Not that it's likely to make much difference to the folks who want to accuse Crenshaw of being soft on theological doctrine. Crenshaw will probably remain in trouble with the faithful for his heretical insistence that Donald Trump actually lost the 2020 election, when True Believers know in their hearts that Jesus is Lord and an Italian satellite changed all the votes.

While the young woman in the video hasn't yet been identified by name — lucky her! — one of Crenshaw's opponents in the March primary election, Jameson Ellis, tweeted out her age, and another Twitter Detective turned up a photo of her holding a campaign sign for Ellis, apparently wearing the same sweater she had on at Monday's Tea Party event. The video would have been funnier if Crenshaw really had lost his shit at a ten-year-old, but it's plenty funny as it is.

Ellis later tweeted out a statement acknowledging she's a "supporter" of his campaign, but emphatically stating that "no one from my campaign remotely suggested" that she should confront Crenshaw. But hey, since she happened to bring forward some very convenient oppo research against Crenshaw, Ellis added that he and his campaign are "VERY PROUD" of her courage in standing up for her Christian faith, yadda yadda yadda.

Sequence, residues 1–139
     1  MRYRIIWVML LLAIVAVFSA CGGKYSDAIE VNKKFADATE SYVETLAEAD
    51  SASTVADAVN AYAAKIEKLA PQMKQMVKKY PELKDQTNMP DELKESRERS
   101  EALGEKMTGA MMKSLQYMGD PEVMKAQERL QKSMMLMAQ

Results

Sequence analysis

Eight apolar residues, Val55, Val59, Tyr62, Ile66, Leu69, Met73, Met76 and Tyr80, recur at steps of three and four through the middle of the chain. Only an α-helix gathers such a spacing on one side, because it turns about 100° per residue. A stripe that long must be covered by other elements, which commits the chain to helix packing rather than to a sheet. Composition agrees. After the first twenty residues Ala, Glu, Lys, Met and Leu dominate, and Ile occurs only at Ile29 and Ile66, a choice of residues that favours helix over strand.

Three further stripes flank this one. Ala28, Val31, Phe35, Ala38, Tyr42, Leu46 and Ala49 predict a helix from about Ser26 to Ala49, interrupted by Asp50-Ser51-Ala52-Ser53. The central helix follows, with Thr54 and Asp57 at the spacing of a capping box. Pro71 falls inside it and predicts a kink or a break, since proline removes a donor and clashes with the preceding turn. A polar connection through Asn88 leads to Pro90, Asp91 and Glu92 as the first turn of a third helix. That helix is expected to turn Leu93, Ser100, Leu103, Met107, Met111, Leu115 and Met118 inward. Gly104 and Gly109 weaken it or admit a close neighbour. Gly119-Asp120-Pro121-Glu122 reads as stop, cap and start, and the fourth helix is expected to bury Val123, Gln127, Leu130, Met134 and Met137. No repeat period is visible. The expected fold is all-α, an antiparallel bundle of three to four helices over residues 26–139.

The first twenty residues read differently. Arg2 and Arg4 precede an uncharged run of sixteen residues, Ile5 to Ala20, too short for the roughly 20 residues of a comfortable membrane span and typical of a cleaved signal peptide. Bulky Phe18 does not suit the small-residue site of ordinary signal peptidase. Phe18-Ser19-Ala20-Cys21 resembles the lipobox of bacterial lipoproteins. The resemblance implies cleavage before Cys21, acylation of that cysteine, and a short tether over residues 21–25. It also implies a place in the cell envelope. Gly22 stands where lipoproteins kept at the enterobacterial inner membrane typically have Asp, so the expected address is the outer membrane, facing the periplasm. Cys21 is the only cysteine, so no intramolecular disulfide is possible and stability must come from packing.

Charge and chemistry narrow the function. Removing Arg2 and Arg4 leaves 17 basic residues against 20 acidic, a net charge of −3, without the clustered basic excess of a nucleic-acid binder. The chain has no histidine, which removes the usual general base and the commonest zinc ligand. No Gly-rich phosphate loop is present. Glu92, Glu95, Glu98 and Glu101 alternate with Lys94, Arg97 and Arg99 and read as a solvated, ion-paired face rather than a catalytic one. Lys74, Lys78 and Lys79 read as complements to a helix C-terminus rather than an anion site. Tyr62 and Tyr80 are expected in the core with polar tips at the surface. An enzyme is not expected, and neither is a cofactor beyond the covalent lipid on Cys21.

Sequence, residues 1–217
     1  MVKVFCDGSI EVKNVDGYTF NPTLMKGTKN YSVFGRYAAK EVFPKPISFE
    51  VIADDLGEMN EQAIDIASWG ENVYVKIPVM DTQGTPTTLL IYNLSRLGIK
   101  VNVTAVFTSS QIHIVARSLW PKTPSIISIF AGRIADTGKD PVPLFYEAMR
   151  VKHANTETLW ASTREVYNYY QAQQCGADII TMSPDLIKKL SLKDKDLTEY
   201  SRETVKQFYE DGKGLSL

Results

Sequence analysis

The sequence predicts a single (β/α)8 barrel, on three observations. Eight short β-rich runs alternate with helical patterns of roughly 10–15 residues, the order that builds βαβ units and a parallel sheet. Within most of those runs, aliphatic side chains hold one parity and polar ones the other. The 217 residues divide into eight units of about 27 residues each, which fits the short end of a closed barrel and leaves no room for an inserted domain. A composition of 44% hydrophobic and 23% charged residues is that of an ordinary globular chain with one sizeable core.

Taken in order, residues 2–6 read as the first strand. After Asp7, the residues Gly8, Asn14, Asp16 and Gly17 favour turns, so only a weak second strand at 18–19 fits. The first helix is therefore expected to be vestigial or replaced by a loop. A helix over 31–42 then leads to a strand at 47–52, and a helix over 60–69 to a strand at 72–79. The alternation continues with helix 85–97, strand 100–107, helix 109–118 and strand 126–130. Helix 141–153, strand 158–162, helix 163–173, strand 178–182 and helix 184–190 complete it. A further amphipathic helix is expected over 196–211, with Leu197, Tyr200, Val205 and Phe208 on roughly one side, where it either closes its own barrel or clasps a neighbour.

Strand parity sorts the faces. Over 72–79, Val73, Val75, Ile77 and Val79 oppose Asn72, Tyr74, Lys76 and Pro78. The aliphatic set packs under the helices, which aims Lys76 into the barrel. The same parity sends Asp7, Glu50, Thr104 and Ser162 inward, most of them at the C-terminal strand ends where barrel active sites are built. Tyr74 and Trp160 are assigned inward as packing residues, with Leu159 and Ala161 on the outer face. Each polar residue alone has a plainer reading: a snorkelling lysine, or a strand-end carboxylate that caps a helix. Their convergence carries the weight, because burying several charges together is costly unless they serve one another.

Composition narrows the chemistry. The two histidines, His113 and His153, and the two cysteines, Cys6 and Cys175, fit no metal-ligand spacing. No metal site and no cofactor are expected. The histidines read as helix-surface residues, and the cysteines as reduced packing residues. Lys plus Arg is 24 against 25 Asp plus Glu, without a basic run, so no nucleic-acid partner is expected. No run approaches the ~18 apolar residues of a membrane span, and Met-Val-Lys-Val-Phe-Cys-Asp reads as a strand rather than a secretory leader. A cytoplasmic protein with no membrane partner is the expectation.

Ellis is running well to the right of Crenshaw, retweeting calls for justice for the "political prisoners" jailed while awaiting trial for participating in the January 6 insurrection. Just to burnish his far-right credentials, he also recently called Crenshaw a "principled RINO" and a "globalist shill," not that there's anything wrong with a few anti-Semitic tropes among good Christian conservatives.

So no, no heroes or even hero archetypes are to be found in this wingnut-on-wingnut violence, regardless of their age.

[Houston Chronicle / Daily Dot]

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Doktor Zoom

Doktor Zoom's real name is Marty Kelley, and he lives in the wilds of Boise, Idaho. He is not a medical doctor, but does have a real PhD in Rhetoric. You should definitely donate some money to this little mommyblog where he has finally found acceptance and cat pictures. He is on maternity leave until 2033. Here is his Twitter, also. His quest to avoid prolixity is not going so great.